After months of buildup, Michael Scott — and Steve Carell — finally left Dunder Mifflin Scranton for good.
What a difference seven seasons make. In 2005, Michael Scott was an overbearing, insensitive jerk whose antics earned nothing but scorn and disrespect from his employees. Gradually, though, that version of Michael Scott was replaced by the Michael Scott we know now: an immature but goodhearted buffoon whose greatest fault is his all-consuming need to be liked.
If 2005 Michael had suddenly announced that he was moving to Colorado, his subordinates would have only felt relieved. (And they certainly wouldn’t have paid tribute to him with a touching song before he went.) But 2011 Michael’s departure from Scranton was a momentous event. Despite everything he’s done and said to them over the years, the denizens of Dunder Mifflin feel true affection for their dopey boss. And Michael, of course, considers them to be his surrogate family. So there was a lot of pressure on The Office to give the World’s Best Boss a proper sendoff — one that managed to find the sweet spot between sentimentality and flippancy. Happily, on that count, the show succeeded with flying colors.
Let’s get one thing out of the way now: If Steve Carell doesn’t win an Emmy for “Goodbye, Michael,” I have a feeling a lot of disgruntled Office fans are going to shoot their TVs full of holes. Though it’s insane enough that he’s gone unrewarded this long, Carell’s performance in his last-ever installment of The Office was nothing short of perfect. I was especially impressed by the scene in which Michael sat in the break room, trying valiantly to hold back tears as his employees ate lunch at the next table — in that moment, Carell spoke volumes without saying a word. His post-lunch breakdown was also hilarious (“And I am not going to start improv at level 1. I don’t think my credits are going to transfer.”), heartbreaking, and surprisingly uplifting. When Michael spoke to Holly on the phone and immediately calmed down, realizing everything he’s gaining by going to be with her, I think the show deftly proved why he has to move on.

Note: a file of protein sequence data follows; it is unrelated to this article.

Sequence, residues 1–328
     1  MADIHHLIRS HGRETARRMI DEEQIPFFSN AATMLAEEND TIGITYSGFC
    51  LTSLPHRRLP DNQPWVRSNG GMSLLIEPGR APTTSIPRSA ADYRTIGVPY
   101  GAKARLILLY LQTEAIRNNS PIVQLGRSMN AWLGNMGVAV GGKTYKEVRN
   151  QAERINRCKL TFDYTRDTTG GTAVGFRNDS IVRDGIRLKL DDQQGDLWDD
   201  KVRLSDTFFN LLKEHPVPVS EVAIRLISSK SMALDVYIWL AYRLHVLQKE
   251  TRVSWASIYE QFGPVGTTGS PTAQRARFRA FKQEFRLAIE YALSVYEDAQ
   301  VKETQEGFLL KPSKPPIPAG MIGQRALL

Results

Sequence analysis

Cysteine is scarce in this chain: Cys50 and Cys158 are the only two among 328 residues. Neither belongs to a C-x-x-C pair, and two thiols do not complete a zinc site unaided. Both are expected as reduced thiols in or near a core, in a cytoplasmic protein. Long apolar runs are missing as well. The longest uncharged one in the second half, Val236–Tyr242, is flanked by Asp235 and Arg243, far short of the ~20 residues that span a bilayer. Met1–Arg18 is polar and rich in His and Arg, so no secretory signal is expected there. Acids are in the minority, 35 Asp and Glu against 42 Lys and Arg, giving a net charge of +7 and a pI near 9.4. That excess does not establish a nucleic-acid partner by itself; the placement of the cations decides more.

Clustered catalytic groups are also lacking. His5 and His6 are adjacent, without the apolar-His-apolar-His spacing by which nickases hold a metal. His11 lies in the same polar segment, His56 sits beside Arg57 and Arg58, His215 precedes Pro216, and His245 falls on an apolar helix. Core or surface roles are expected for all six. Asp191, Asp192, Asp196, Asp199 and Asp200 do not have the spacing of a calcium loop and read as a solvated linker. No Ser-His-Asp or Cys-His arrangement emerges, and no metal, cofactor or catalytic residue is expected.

Michael’s choice to tell everyone he’d be leaving a day later than he actually planned to go could be interpreted as a sign of maturity — he’s grown up enough not to want them to make a big fuss — or an indication that he’s still pretty childish at heart. Either way, it added an extra layer of poignancy to the proceedings — and it was completely appropriate and believable that only Jim noticed something was awry. His last conversation with Michael might have been the most moving part of the entire episode, not least because of how hard Jim was trying to sound casual. (Dwight reading Michael’s letter of recommendation was a close second.) The look they exchanged before Michael got on the elevator one last time was yet another fantastic, wordless moment; I’m glad the documentary crew caught it.
NEXT: Oh, about that documentary crew…
Speaking of which: Leapin’ lizards, The Office finally remembered its premise! I was tickled by how many times the cameramen were made conspicuous throughout “Goodbye, Michael,” from Jim asking them if they’re filming people in the bathroom now to Michael saying blithely, “Hey, will you guys let me know if this ever airs?” Sure, these little moments were basically throwaways. They were also pretty satisfying for any long-term fans of the show who have wondered whether everyone at Dunder Mifflin just forgot why they’re being filmed, or that they’re even being filmed at all. Though the writers can’t really ever resolve this story line — after all, at this point, how could the crew possibly assemble a film that isn’t seven years long? — it’s nice to see them mine it for comedy again.
Until this point, I’ve avoided talking about the portions of “Goodbye, Michael” that didn’t directly involve Michael. That’s because, to be blunt, they weren’t very good. Gabe’s undying devotion to Erin is just plain creepy rather than creepily amusing, and Deangelo’s still all over the place; suddenly revealing that he’s a binge eater doesn’t count as character development. His inconsistency would matter less if the things he did and said were funnier, but during tonight’s episode, I barely cracked a smile anytime he was onscreen. I’d say that this is the show’s fault rather than Will Ferrell’s; he’s doing what he can with a character who’s extremely sketchy in every sense of the word.